“I have been using K390 from the start ever since it was introduced by Bohler and I got some small samples to try. A bit of history is that it is the European version of CPM 10V but not the exact chemistry (about 1% less V plus small addition of a few others). That is because the CPM 10V chemistry was protected by patent at the time. If you check the K390 data sheet it claims that the bit less V gives K 390 a little boost in impact toughness. It also can be heat treated at a lower temp. than 10v. So it is pretty much the same as the A11 grade but different in a few small details. It is hard to tell the difference between CPM 10v and BU K390 in the real world in my experience. I like both grades and they are the base line (along with Vanadius 10 and K294) from which I measure wear resistance. The 5 chrome is there to make them all air hardening among other things and does not contribute much to corrosion resistance. It is going to make a killer knife in the new offering and be another classic. Phil”

So slowly it is deshouldered but I will be obliged to go back to the blade later. It is, for me, like painting a ceiling… I always come back for another layer… 😉

All right, the performance are already promising. The plastic Bottle Butt is as thick as the blade itself but it has been able to got through it right in the middle. Again, zero blade play on that huge folder: very happy.  Same punition for the bottle neck. The Police shows how powerful it is and that the recipe of “thin blade + super steel” is always a winner for high performance knives. More to come, as this one is going to be user !

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I have mounted a deep carry clip from Blade4sell.

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A Spydiechef in Tuscany – Spyderco’s Polish Folding Office Knife

In the ease of maintenance department few knives are easy to live with, the Spydiechef is part of that very small club. You can pocket it while it is still wet. For a travelling knife this is a must and the reason I have taken it for that Xmas Journey.

 

Reuniting with an old friend: the 110V CF Native.

 

When used in the kitchen or on the dining table, knives get dirty and the food is dried and hard to detached. Avoid the use of the green back of sponges or you could scratch the blade’s finish badly.

Hot cheese from that Napolitan Pizza is part of that dirty equation but the plate is also not the edge best friend as ceramic is harder than knives and will ruin any razor sharp knife. You should cut with an angle of 45° on the plate to avoid any real damage.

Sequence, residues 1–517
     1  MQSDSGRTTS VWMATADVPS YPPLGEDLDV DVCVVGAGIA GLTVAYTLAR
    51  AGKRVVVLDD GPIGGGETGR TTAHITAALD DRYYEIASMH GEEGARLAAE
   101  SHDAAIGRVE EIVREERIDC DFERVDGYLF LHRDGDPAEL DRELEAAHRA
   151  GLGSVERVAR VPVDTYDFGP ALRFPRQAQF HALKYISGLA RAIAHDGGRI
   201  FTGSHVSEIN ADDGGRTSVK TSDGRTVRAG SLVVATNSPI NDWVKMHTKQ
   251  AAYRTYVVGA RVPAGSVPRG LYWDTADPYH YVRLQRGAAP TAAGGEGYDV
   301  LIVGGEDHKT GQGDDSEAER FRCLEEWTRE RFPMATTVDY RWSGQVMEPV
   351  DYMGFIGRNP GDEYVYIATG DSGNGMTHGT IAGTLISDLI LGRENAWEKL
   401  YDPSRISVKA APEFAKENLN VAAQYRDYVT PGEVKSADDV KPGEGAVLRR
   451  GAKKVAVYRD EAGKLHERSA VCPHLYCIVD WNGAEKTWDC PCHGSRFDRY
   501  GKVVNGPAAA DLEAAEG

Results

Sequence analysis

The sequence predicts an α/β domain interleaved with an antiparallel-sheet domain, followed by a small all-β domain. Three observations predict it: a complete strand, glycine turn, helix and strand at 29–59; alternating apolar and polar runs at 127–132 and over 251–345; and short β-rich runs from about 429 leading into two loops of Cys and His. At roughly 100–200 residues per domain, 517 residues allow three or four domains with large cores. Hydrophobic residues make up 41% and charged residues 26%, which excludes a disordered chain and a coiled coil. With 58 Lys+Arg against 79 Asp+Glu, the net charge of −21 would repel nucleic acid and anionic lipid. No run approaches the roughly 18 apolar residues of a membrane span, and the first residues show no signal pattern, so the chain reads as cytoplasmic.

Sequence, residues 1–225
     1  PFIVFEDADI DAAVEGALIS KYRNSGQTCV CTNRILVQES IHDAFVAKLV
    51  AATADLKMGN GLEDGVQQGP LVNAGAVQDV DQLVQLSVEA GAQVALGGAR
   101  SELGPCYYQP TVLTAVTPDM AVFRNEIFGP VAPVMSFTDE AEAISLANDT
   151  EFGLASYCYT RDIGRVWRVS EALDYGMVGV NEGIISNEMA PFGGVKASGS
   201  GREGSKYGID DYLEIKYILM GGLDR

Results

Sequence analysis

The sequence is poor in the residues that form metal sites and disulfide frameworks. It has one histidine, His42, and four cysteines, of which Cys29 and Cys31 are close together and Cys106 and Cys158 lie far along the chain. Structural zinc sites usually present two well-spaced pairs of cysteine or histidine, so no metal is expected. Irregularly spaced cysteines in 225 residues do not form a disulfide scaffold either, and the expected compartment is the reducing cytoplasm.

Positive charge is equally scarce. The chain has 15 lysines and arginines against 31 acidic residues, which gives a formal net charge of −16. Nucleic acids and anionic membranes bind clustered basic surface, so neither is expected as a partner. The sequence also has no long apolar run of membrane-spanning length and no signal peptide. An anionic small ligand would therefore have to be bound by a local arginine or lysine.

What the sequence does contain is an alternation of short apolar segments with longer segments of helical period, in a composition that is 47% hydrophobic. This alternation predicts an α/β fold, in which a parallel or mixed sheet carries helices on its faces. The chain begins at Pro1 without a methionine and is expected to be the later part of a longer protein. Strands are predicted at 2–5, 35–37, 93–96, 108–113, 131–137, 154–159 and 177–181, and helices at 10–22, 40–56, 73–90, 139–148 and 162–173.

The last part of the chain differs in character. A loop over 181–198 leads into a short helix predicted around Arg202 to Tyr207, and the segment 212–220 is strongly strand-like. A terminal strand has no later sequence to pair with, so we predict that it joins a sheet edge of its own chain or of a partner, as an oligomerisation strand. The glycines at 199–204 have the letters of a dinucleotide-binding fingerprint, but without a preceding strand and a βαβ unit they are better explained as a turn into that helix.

The Spydiechef is a actually whittling friendly. LC200N is not losing its edge as fast as H1 and I was able to work on wooden rods with ease.

Of course mine has been enhanced with some gentle convexed edge.

But really that knife is really happy in the wood. It has not the most ergonomic handle for hard wood cutting but the gentle belly helps a lot in push cuts.

LC200N is really easy to keep fresh on ceramic. no need of diamonds like on other Hyper Steels.

 

 

 

 

Spyderco C223GPDGY Para 3 Maxamet Part II.

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The Grey Mouser has been in my EDC rotation since it has arrived in my pocket.
So this a little report.

Maxamet is like a super CPM M4 to me, it cannot seem to get dull. I have deshouldered the edge and keep it sharp (razor) with white ceramic and leather. The edge behaviour in wood is like M2, it gives a gentle patina to the part cut.
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The gently rounded spine is a must for thumb push cutting.

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The lock is solid and did not give in to any vertical or lateral play.

The Para3 is really a friendly 3 inches knife with a wide spectrum of uses.
Near the pivot you got as much as any C36 Millie strenght for power cutting as this is the same “cockpit” as the good old Military. The point is easier to control as your hand grabs the blade and the handle with more ease on smaller knives. So you got a very capable knife for the outdoors, able to carve and trim wood.

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Maxamet is giving a beautiful orange red patina. I have not been able to get any pit of rust despite my every day use on acidic foods.

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It’s less sensitive to medium than K390 and close to CPM10V. You got stain but nothing more in my experience.

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I clean it directly under the tap of in a soapy water. Nothing extravagant. The action is on the smooth side even without any oil near the pivot. I have decided to treat it the hard way.